Mutation screening of RAD51C in high-risk breast and ovarian cancer families

Wenping Lu, Xianshu Wang, Hongsheng Lin, Noralane M. Lindor, Fergus J. Couch

Research output: Contribution to journalArticle

14 Scopus citations

Abstract

Deleterious mutations in the RAD51C gene, which encodes a DNA double-strand break repair protein, have been reported to confer high-penetrance susceptibility to both breast and ovarian cancer. To confirm this we conducted a mutation screen of the RAD51C gene in 192 probands from high-risk breast and/or ovarian cancer families that do not carry BRCA1 or BRCA2 mutations. The nine exons of the RAD51C gene containing protein coding sequence were screened for mutations in genomic DNA from family probands by high-resolution melting analysis and direct DNA sequencing. Four missense variants, p.Ser364Gly, p.Ala126Thr, p.Val169Ala, and p.Thr287Ala were detected in six patients. The p.Ser364Gly variant is a novel variant predicted to have little influence on RAD51C activity. The p.Ala126Thr and p.Val169Ala variants have been reported to have no association with risk of breast cancer in a case-control study. However, p.Thr287Ala disrupts the DNA repair activity of RAD51C, suggesting some influence on risk. Consistent with published results from similar follow-up studies, we suggest that RAD51C mutations are rare events among high-risk breast cancer and breast/ovarian cancer families. Large population-based studies will be needed to reliably assess the prevalence and penetrance of inactivating mutations in the RAD51C susceptibility gene.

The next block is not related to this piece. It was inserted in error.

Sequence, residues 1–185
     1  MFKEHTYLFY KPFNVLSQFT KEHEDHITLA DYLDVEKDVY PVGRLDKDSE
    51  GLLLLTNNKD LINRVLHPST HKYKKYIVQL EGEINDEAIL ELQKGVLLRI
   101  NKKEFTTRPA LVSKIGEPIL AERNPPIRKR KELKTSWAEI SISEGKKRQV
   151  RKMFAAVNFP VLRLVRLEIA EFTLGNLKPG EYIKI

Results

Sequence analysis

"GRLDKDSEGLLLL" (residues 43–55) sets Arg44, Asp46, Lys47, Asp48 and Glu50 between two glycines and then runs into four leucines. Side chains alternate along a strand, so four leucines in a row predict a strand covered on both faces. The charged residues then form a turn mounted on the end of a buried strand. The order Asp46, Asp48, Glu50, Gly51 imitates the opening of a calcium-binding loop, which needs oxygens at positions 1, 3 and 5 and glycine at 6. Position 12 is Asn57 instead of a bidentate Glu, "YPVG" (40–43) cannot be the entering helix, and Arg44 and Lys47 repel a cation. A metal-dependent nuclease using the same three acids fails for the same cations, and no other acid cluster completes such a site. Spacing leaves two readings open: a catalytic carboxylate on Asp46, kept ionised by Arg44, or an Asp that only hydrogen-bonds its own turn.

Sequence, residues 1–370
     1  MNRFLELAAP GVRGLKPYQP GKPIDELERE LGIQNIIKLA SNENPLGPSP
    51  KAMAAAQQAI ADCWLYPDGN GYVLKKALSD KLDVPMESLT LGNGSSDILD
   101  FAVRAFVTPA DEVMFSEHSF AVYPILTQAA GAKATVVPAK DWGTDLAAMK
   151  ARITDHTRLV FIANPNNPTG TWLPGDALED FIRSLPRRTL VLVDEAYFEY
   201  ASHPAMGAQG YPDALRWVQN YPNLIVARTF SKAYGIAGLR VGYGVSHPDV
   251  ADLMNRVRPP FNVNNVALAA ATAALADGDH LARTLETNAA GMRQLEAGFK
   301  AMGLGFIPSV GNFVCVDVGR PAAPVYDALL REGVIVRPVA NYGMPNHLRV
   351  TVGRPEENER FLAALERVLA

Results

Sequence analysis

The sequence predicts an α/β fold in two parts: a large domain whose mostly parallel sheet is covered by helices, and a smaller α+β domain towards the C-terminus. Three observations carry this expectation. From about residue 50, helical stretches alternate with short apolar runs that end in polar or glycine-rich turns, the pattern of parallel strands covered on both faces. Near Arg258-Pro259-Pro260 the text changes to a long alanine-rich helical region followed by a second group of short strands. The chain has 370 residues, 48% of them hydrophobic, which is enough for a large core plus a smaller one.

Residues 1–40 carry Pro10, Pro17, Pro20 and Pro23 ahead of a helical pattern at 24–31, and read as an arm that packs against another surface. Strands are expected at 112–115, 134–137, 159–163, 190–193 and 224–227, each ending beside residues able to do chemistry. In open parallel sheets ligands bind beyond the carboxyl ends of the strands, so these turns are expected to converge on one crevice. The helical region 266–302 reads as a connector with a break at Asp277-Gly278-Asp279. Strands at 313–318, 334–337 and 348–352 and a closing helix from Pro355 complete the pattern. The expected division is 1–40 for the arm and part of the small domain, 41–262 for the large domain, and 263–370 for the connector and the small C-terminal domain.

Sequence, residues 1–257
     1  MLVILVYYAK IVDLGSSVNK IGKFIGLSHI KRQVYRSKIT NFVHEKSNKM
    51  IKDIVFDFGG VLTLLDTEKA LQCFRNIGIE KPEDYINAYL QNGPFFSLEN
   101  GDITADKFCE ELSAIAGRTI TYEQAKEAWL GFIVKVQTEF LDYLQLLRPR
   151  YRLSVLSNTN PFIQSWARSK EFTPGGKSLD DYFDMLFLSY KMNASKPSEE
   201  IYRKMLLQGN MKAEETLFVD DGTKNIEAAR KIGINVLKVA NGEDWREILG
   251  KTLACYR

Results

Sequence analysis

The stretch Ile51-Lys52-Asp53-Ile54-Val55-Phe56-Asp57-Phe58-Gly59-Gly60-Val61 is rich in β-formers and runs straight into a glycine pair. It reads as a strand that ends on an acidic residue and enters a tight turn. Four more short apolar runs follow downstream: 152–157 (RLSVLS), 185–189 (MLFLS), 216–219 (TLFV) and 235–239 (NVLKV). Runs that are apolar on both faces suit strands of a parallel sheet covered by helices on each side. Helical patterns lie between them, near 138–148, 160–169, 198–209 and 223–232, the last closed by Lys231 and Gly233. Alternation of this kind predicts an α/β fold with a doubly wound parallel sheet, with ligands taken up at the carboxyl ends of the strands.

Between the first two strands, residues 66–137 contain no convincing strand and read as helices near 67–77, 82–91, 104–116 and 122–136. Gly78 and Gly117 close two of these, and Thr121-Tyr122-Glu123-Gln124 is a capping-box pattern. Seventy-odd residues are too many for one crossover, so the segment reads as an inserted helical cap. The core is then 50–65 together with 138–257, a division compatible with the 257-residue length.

Original languageEnglish (US)
Pages (from-to)381-385
Number of pages5
JournalFamilial Cancer
Volume11
Issue number3
DOIs
StatePublished - Sep 2012

Keywords

  • Breast cancer predisposition
  • Familial breast and ovarian cancer
  • Mutation screening
  • RAD51C

ASJC Scopus subject areas

  • Genetics
  • Oncology
  • Genetics(clinical)
  • Cancer Research

Fingerprint Dive into the research topics of 'Mutation screening of RAD51C in high-risk breast and ovarian cancer families'. Together they form a unique fingerprint.

  • Cite this